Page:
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Impact of adherence to antidepressants on long-term prescription opioid use cessation

  • Jeffrey F. Scherrer (a1), Joanne Salas (a1), Mark D. Sullivan (a2), Brian K. Ahmedani (a3), Laurel A. Copeland (a4), Kathleen K. Bucholz (a5), Thomas Burroughs (a6), F. David Schneider (a7) and Patrick J. Lustman (a8)...

Depression contributes to persistent opioid analgesic use (OAU). Treating depression may increase opioid cessation.


To determine if adherence to antidepressant medications (ADMs) v. non-adherence was associated with opioid cessation in patients with a new depression episode after >90 days of OAU.


Patients with non-cancer, non-HIV pain (n = 2821), with a new episode of depression following >90 days of OAU, were eligible if they received ≥1 ADM prescription from 2002 to 2012. ADM adherence was defined as >80% of days covered. Opioid cessation was defined as ≥182 days without a prescription refill. Confounding was controlled by inverse probability of treatment weighting.


In weighted data, the incidence rate of opioid cessation was significantly (P = 0.007) greater in patients who adhered v. did not adhered to taking antidepressants (57.2/1000 v. 45.0/1000 person-years). ADM adherence was significantly associated with opioid cessation (odds ratio (OR) = 1.24, 95% CI 1.05–1.46).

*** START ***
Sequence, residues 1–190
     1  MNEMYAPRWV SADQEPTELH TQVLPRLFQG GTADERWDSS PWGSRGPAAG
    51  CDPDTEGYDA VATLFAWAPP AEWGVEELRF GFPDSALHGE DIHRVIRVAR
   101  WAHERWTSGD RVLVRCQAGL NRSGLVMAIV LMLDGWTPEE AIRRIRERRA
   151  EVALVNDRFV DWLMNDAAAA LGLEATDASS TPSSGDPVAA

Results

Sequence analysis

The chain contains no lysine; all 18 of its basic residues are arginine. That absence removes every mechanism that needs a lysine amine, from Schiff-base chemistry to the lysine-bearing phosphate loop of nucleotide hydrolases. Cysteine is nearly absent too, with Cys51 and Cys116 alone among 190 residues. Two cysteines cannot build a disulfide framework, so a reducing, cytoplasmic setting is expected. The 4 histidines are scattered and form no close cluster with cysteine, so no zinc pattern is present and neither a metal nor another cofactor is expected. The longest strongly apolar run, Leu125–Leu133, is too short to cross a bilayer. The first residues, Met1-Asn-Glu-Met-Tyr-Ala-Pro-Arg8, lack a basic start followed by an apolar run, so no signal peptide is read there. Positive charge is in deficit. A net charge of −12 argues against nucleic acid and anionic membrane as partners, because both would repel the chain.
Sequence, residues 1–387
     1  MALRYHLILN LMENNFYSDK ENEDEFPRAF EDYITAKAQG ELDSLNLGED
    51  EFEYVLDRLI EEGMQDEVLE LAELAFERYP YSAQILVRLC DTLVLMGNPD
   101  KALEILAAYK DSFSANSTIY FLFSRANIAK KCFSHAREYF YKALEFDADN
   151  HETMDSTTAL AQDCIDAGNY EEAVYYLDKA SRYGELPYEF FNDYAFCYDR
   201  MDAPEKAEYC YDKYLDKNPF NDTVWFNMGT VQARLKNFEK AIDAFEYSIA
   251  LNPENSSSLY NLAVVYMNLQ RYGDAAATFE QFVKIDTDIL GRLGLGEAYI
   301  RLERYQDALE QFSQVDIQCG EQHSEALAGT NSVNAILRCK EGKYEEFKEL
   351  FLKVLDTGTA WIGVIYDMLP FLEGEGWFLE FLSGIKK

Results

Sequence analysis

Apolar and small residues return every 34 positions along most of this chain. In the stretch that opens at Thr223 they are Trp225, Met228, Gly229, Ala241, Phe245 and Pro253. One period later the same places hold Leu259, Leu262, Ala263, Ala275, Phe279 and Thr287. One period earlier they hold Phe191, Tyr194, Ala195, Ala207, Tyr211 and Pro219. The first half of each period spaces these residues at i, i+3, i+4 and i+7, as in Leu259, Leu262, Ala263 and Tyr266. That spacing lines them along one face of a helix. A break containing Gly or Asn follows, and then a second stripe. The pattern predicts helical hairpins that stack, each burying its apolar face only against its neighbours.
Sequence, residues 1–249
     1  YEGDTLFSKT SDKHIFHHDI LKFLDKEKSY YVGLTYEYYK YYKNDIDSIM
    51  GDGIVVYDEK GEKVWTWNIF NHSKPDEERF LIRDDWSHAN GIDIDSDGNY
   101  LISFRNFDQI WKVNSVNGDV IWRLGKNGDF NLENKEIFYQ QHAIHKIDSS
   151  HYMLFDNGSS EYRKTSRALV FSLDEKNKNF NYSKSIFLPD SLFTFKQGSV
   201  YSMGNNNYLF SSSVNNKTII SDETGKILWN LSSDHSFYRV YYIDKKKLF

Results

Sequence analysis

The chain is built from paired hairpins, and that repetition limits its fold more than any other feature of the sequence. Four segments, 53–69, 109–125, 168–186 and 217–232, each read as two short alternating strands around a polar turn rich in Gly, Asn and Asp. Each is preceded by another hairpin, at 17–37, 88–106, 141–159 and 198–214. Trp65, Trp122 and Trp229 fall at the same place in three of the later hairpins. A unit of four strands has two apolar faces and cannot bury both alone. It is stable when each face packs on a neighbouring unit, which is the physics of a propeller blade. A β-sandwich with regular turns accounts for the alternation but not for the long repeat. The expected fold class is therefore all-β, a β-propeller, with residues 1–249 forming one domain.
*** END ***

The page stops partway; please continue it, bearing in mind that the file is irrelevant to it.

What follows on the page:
ADM adherence, compared with non-adherence, is associated with opioid cessation in non-cancer pain. Opioid taper and cessation may be more successful when depression is treated to remission.

Declaration of interest


Corresponding author
Correspondence: Jeffrey F. Scherrer, Family and Community Medicine, Saint Louis University School of Medicine, 1402 N. Grand Blvd St. Louis, Missouri 63104, USA. Email:
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Impact of adherence to antidepressants on long-term prescription opioid use cessation

  • Jeffrey F. Scherrer (a1), Joanne Salas (a1), Mark D. Sullivan (a2), Brian K. Ahmedani (a3), Laurel A. Copeland (a4), Kathleen K. Bucholz (a5), Thomas Burroughs (a6), F. David Schneider (a7) and Patrick J. Lustman (a8)...
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